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Learning to Recognize Your Alcohol Triggers

Whether it’s binge-drinking or daily alcohol use, more than 15 million adults in the United States over age 18 have alcohol use disorder, and only a fraction of these people ever seek help for their drinking problem.

If you’re concerned about the challenges of alcohol use, we can help. At The Rose Center for Integrative Health near The Loop in Chicago, Dr. Glenn Harrison and our experienced health care team take a personalized approach to treating your alcohol use, abuse, or dependence, based on your individual needs.

In this blog, we discuss how to recognize your alcohol triggers so you can determine what may be leading you to drink more than you know is healthy. Once you identify your triggers, we can help you develop an action plan and strategies to reduce how triggers influence your response to alcohol. 

Common alcohol triggers

One of the best things you can do for yourself and your relationship to alcohol is to become aware of things that trigger your desire to drink. Triggers include people, places, situations, and emotions that increase your urge for an alcoholic beverage. Most alcohol triggers fall into three categories.

Environmental triggers

Environmental triggers include people, places, and events that you associate with drinking alcohol. For example, you may meet up with an old friend you’ve shared past drinking experiences with, or being in a certain restaurant or club could make you want to consume alcoholic beverages.

Stress triggers

Stress triggers include persistent negative emotions like fear, anger, guilt, or shame. Depression is another powerful alcohol trigger. If you have a history of dealing with your emotions by numbing the feelings with alcohol, these are stress triggers for you.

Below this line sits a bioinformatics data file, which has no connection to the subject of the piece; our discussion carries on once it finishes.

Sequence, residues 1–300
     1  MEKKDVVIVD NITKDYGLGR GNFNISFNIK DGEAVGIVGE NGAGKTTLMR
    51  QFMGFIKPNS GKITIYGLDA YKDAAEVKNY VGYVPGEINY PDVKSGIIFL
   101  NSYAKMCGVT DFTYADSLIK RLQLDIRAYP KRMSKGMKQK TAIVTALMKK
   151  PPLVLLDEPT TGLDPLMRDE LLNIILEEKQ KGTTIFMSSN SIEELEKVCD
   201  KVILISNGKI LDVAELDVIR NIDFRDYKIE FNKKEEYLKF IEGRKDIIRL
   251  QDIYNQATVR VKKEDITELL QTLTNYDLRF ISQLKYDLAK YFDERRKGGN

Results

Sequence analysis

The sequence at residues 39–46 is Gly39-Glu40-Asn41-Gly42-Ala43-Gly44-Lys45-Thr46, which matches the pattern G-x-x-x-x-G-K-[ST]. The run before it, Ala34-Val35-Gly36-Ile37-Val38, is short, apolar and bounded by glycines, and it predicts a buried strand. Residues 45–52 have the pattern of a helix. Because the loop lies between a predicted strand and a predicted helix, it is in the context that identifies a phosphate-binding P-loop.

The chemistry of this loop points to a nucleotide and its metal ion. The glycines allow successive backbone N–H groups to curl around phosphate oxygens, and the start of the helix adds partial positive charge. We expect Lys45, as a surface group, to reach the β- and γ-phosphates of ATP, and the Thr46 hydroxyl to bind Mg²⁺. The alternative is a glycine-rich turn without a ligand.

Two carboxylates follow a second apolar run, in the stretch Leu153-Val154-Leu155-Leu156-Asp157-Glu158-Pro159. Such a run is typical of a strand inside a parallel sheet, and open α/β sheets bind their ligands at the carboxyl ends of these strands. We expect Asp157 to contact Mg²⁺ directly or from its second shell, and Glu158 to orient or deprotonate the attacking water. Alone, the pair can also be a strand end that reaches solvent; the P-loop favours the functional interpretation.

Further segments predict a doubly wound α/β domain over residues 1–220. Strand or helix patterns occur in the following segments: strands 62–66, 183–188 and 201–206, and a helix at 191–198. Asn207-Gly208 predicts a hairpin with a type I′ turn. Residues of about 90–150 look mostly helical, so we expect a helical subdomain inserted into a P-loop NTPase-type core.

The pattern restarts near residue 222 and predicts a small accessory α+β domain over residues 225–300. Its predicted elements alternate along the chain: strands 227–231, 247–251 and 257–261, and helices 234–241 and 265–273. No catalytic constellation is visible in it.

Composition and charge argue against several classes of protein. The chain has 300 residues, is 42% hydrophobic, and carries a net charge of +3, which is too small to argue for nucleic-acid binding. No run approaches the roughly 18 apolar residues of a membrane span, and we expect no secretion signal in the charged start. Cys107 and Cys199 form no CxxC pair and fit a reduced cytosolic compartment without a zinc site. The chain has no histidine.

Physical pain can be a stress trigger, too. If you’re dealing with a chronic health condition, it may be tempting to desensitize the pain and unpleasant symptoms with alcohol. 

Profound life changes — like getting fired from your job, the death of loved one, or divorce — can also be stress triggers that prompt you to use alcohol as an escape or outlet from your problems. 

Re-exposure triggers

Re-exposure triggers are any location or situation in which you see people drinking — including family gatherings, TV commercials, or movies. These types of triggers are unavoidable because alcohol use is so widely accepted in society.

Avoiding alcohol triggers 

While it may be fairly easy to identify your biggest alcohol triggers, it can be much more challenging to avoid them. The best way to not be tempted by triggers is to avoid them altogether, but this is difficult to do, especially if your job or other obligations require you to participate in situations where people are drinking socially.

You may need to set boundaries, such as asking friends and family members not to drink at your home or avoiding social events where you know you could be tempted to consume alcohol.

Gather a support network

Friends, family, and support groups are essential for your success in taking control over alcohol in your life. This may mean making major changes to your social circles or recreational activities, but it’s worth it to move forward in a way that best serves you. The dedicated team at The Rose Center for Integrative Health can become part of your support network as you embark on an alcoholism treatment plan. 

We personalize treatment based on your individual needs and challenges. We prescribe therapies to address mental and emotional issues and treatments that help you overcome your addiction. Your treatment plan may include home visits, ketamine therapy, and cannabis therapy so you can break your addictive patterns and minimize unpleasant withdrawal symptoms. 

Take the first step toward gaining control over the influence of alcohol in your life. Call our experienced, compassionate staff at 872-204-3891, or request the next available appointment online today.

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